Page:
Although the above studies have found that Asian Americans have higher grades in elementary, middle, and high school, this is not necessarily the case in college. Data on performance in college has been based on nationally-representative data sets such as the High School and Beyond Study and the Beginning Postsecondary Students Longitudinal Study. It also includes data from an entire cohort of entering freshman at specific universities, such as University of California, Berkeley and also Los Angeles, and also from the entire University of California system.

Grades

Sue and Abe (1988) reported on the high school grade-point averages, scores on the Scholastic Aptitude Tests (SAT) and the College Board Achievement Tests, and the GPAs in freshman year of all Asian American and white students who enrolled in the eight University of California campuses in 1984. Asian Americans had higher high school GPAs, but similar GPAs in their first year of college (i.e., Asian Americans 2.74, and whites 2.72). Other studies also report similar college GPAs for Asian Americans and whites, but higher college GPAs for Asian Americans compared to ethnic minority groups (Castro & Rice, 2003; Tan, 1994).

However, studies focused specifically on students attending the University of California, Berkeley, have reported lower college GPAs for Asian Americans compared to Whites (Thomson, 1998; Ying et al., 2001). Ying et al. reports for all students enrolled in spring 1995, Whites had higher mean GPAs (3.18) than Asian Americans (3.05) who had higher GPAs than Hispanics (2.86) and African Americans (2.71).

Additional studies have also reported lower college GPAs for Asian Americans than Whites or non-Asians (Toupin & Son, 1991; Tseng, 2000). A study by Toupin and Son of all Asian American students who attended a small, private, highly selective university in the Northeast in 1984, 1985, and 1986 in the College of Arts and Science found that Asian Americans had lower GPAs than non-Asians (matched on socio-economic background and SAT scores). They also were more likely to be placed on academic probation, and less likely to appear on the Dean’s List at least one time. A report by Tseng (2000), based on a sub-sample of 1,200 entering students at New York University in 1996 and 1998, also found that Whites had higher college GPAs than Asian Americans.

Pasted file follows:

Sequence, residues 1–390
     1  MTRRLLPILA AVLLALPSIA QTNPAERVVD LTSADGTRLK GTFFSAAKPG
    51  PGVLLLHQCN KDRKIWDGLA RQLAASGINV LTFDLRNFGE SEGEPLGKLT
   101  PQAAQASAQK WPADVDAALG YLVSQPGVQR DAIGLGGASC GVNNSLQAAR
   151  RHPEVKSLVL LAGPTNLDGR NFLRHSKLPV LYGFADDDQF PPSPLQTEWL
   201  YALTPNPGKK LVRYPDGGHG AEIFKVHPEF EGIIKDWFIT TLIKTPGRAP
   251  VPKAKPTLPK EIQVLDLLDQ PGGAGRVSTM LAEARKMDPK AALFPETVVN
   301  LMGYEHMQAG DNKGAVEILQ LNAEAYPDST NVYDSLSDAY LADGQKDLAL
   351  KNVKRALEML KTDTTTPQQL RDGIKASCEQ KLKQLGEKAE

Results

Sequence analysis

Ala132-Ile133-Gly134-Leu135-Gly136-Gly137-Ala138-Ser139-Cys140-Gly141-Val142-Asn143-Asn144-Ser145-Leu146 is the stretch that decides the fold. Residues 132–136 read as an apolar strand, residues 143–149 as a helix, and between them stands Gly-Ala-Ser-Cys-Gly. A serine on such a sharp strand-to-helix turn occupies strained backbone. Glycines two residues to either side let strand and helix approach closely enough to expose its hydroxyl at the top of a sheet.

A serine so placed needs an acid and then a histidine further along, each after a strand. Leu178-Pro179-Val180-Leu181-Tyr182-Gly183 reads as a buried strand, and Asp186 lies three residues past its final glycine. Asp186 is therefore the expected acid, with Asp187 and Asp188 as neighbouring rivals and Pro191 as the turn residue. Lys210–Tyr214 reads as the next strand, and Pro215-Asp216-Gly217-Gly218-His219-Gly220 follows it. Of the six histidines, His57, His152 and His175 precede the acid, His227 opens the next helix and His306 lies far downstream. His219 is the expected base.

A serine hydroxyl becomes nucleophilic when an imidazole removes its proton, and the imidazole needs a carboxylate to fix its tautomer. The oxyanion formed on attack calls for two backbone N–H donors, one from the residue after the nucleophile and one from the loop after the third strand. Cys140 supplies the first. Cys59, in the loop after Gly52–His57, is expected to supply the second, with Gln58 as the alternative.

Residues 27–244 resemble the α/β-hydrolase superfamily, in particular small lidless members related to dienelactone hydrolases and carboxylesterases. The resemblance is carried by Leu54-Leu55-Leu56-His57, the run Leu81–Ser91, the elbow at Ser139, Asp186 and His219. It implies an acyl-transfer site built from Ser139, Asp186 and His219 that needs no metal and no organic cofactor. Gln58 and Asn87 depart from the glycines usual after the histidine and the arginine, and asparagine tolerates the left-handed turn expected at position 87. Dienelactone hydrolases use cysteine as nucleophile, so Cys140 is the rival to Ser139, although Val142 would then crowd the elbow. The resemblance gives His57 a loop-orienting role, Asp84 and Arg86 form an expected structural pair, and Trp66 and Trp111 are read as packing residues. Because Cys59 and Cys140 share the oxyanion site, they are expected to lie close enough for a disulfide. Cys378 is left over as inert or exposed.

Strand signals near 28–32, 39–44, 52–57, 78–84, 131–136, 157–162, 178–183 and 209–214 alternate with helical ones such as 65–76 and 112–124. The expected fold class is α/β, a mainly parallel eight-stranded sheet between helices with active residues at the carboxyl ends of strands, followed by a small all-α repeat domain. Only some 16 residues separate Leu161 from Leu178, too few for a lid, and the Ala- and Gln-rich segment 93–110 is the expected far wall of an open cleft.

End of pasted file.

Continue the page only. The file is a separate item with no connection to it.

Tseng (2000) points out that these lower college GPAs among Asian Americans may be due to their being disproportionately enrolled in math and science courses, where on average, students receive lower grades than in other courses. Studies do find that a greater proportion of Asian American students are math/science majors or enroll in math and science courses than other ethnic groups (Ahn Toupin & Son, 1991; Tan, 1994; Tseng, 2000; Xie & Goyette, 2003). However, Tseng found that differences in GPAs between Asian and White students remained when controlling for course of study. Thus, the lower GPAs of Asian students at NYU were not due to their course of study. Tseng found that differences in GPA were somewhat explained by their experiences with prejudice and discrimination.

- Asian American Handbook of Psychology, http://webcache.goog...n&ct=clnk&gl=us

The studies listed above establish the pattern sufficiently, but they were further corroborated by other studies, such as Thomas Espenshade’s book No Longer Separate, Not Yet Equal (2009, p. 251-252):

Posted Image

Note these lines:

Quote

Even Asian students, long believed by some to be academic superstars, end up graduating with a class rank that is on average 10 percentage points lower than similar Whites…

It is not clear what contributes to underperformance by Asian students. Some of the standard explanations advanced for Blacks do not seem to apply to Asians.

Similar findings were reported in a study of Duke University students:

Quote

Results are presented in Table 6. The first columns just controls for race and gender. Here we see that males and Asians lose ground during their time at Duke relative to their female and non-Asian counterparts. This result continues as more controls are added.

- Peter Arcidiacono, et al. "What happens after enrollment? An analysis of the time path of racial differences in GPA and major choice" 2012 http://link.springer...8997-1-5#page-1

And again at the University of Michigan:

Quote

Proportionately more blacks and Hispanics were on academic probation at some point during their enrollment at UM. A greater percentage of Asians was on academic probation compared to whites...

Comparing Asian and white admittees at the same percentiles, Asian GPAs were either the same or lower than white GPAs. In 2004, for instance, Asian GPAs at the 75th percentile were lower than those for whites at the same percentile, while scores at the other percentiles were the same. In 2005, the Asian median was lower than the median for white admittees, as was the Asian GPA at the 75th percentile....

The college GPAs for Asians were lower than those for whites at the same percentile for every year. For the class entering in 1999, the median GPA for Asians was 3.0, which was the same as the GPA for whites at the 25th percentile. That is, half the Asian enrollees had lower college grades compared to 75 percent of white enrollees. Asian GPAs at the 75th percentile fell between white GPAs at the 50th and 75th percentiles. For the entering class of 2003, the Asian GPA at the 75th percentile was the same as the white median, while the Asian median fell between the 25th and 50th percentile for whites. For 2004, Asian GPAs at the 25th, 50th, and 75th percentiles are all slightly lower than GPAs for whites at the same percentiles.